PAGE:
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Law & Justice

More Teens In Mountain West Brought Weapons To School Than Nationwide Average

twin_falls_high_school_kids.jpg
Beth Pendergrass
/
Twin Falls School District
9.8 percent of surveyed high schoolers in Idaho reported carrying a weapon on school property in the past 30 days. Pictured: High schoolers in Twin Falls, Idaho.

Each year the Centers for Disease Control and Prevention asks high schoolers about their risky behavior - anything from drug use to bringing weapons to school. For at least one behavior our region’s youth has a high score.

 

The CDC asked high schoolers if they had brought a gun, knife or club on school property in the past thirty days. In the Mountain West states, students were more likely to report bringing a weapon to school than the nationwide average of four percent.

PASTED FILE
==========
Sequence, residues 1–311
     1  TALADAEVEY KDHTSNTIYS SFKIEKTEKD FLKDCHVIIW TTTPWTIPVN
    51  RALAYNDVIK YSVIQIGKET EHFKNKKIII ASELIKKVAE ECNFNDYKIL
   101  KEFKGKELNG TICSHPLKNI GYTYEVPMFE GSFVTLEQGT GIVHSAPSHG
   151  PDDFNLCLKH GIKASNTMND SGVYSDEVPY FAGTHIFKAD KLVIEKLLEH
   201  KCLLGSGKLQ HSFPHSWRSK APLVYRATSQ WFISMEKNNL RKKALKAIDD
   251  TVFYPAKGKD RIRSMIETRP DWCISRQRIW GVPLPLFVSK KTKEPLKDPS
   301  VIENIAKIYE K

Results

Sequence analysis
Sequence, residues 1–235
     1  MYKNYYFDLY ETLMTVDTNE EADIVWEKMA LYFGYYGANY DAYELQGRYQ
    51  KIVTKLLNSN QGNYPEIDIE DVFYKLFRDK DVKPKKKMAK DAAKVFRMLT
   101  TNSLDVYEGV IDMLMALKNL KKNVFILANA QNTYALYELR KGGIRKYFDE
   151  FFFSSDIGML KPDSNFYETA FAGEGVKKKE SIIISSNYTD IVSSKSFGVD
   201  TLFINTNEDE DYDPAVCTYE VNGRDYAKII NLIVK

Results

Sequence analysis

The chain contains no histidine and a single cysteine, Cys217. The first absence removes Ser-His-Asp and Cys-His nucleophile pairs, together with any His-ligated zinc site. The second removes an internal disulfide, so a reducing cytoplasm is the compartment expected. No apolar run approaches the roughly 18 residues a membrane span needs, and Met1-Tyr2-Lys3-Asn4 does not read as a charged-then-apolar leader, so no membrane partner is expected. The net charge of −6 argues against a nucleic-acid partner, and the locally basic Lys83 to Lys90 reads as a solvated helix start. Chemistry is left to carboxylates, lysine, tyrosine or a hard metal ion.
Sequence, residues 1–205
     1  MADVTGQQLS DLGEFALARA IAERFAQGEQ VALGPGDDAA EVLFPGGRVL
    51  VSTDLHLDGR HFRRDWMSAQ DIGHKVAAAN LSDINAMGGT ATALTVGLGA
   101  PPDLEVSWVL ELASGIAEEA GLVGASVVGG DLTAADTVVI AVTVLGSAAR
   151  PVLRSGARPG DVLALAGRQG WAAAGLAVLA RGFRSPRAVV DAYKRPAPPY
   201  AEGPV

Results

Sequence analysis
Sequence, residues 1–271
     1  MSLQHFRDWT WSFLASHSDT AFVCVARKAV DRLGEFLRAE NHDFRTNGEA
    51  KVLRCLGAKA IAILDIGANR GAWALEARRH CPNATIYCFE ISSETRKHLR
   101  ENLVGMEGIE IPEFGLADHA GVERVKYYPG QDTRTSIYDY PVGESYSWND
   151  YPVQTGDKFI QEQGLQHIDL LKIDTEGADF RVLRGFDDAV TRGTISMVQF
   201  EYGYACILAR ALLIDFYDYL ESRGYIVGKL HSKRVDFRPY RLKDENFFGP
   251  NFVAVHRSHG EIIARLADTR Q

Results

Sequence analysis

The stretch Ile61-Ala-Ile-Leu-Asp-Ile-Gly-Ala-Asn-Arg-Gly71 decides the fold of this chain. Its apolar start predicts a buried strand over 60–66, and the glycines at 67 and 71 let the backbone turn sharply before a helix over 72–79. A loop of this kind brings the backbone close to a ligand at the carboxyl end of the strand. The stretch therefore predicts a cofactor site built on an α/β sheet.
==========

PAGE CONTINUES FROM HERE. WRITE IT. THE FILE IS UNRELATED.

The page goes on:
In Idaho, nearly 10 percent of high school students reported bringing a weapon to school. 

The CDC didn’t offer reasons for these numbers, but recent highschool graduate Noah Hart has some ideas. 

"Idaho, being a rural state, a really hunting-heavy state, it kind of makes sense that a lot of these kids have access to firearms," Hart says.  

Still he doesn’t think that’s the main reason.

"I think that, ultimately, the reason you would choose to bring something like that to school is for protection or, you know, something else terrible."  

Wyoming was the only Mountain West state that did not participate in the CDC survey. 

Find reporter Amanda Peacher on Twitter @amandapeacher.

Copyright 2018 Boise State Public Radio

This story was produced by the Mountain West News Bureau, a collaboration between Wyoming Public Media, Boise State Public Radio in Idaho, Yellowstone Public Radio in Montana, KUER in Salt Lake City and KRCC and KUNC in Colorado.